Sunday, August 18, 2013

Cucamelon in a Minnesota Garden

This years new plant to try was the Cucamelon. This melon was found in Mexico and Central America and was an annual crop long before Europe found this part of the world. The Cucamelon has many names it is known by; Mouse Melon, Mexican sour gherkin to name a few.

My garden is in zone 3a NW Minnesota, so I need to make sure that all changes of a freeze was gone, which in Minnesota does exist really. So, I waited for the first of June to start this melon from the south. It was very slow to germinate, so slow I almost gave up on it. We have a warm summer but melon was slow to climb up and start producing. Up to this point I have picked a few here and there to try fresh, a few more to add to a spinach, purslane and red lettuce salad, but never enough to more than that. They taste, to me, like a mild cucumber, but no noticeable hit of seed or bitter rind.

Today, 1 Aug 13, I was able to gather enough to try pickling them. I am using a bottle half filled with Dill
pickling juice and spices. I know that's not traditional, but why waste the Dill vinegar water? So, after
washing the melons and picking off the spent blossom into the picking juice then went. I will try one or two of the melons in a week or so and report back. I must say, if the pickled melons aren't fantastic, I will not grow this plant again, its to slow and cucumbers taste better fresh.

In the meantime while you are waiting for my above mentioned report, check this article from Mother Earth News.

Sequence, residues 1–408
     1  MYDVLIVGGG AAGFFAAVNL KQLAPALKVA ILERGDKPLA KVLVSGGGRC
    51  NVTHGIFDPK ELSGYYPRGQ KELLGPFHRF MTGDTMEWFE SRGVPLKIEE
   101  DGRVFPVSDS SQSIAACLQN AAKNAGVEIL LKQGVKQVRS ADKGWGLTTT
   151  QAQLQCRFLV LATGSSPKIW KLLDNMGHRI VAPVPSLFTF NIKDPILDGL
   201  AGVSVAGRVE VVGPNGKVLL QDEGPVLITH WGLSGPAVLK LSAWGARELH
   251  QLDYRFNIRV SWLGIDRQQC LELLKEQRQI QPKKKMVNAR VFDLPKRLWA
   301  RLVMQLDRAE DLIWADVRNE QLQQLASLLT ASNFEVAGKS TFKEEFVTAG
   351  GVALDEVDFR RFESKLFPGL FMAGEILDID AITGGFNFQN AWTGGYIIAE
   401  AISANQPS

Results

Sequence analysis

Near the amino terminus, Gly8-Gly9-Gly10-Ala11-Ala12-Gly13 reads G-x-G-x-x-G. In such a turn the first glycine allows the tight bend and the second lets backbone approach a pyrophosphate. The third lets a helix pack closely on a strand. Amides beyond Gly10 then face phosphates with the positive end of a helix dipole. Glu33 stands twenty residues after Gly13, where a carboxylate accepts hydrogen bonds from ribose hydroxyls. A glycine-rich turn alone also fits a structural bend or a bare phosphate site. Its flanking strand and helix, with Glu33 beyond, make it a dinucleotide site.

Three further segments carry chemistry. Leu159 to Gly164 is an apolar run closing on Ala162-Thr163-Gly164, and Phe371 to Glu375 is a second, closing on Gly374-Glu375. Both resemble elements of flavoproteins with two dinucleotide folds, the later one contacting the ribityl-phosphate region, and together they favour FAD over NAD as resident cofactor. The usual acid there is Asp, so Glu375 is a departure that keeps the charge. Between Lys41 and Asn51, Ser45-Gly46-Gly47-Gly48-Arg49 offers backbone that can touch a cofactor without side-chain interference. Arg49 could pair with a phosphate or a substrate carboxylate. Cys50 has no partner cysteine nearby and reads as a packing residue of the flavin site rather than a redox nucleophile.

Update: Aug 24, 2013, An update on the Cucamelons! A central America plant that looks like a miniature Watermelon, that taste like a cucumber with a hint of lime.
As I mentioned in an earlier post, this plant is slow to start and a slow grower up here in the NW of Minnesota. However, come the end of August, they are now growing and producing well. A few weeks back I pack a fair amount it to a pickle jar that was full of dill pickle juice. A taste yesterday was just OK! I have since, yesterday, packed them in a salt water brine to try the fermented method;

To this point I have enjoyed this plant more for its novelty than its production or flavor. I might not grow this plant again next year. I will wait for the final taste test for the fermented pickling. Stay turned and I report back in a few weeks on the final outcome.

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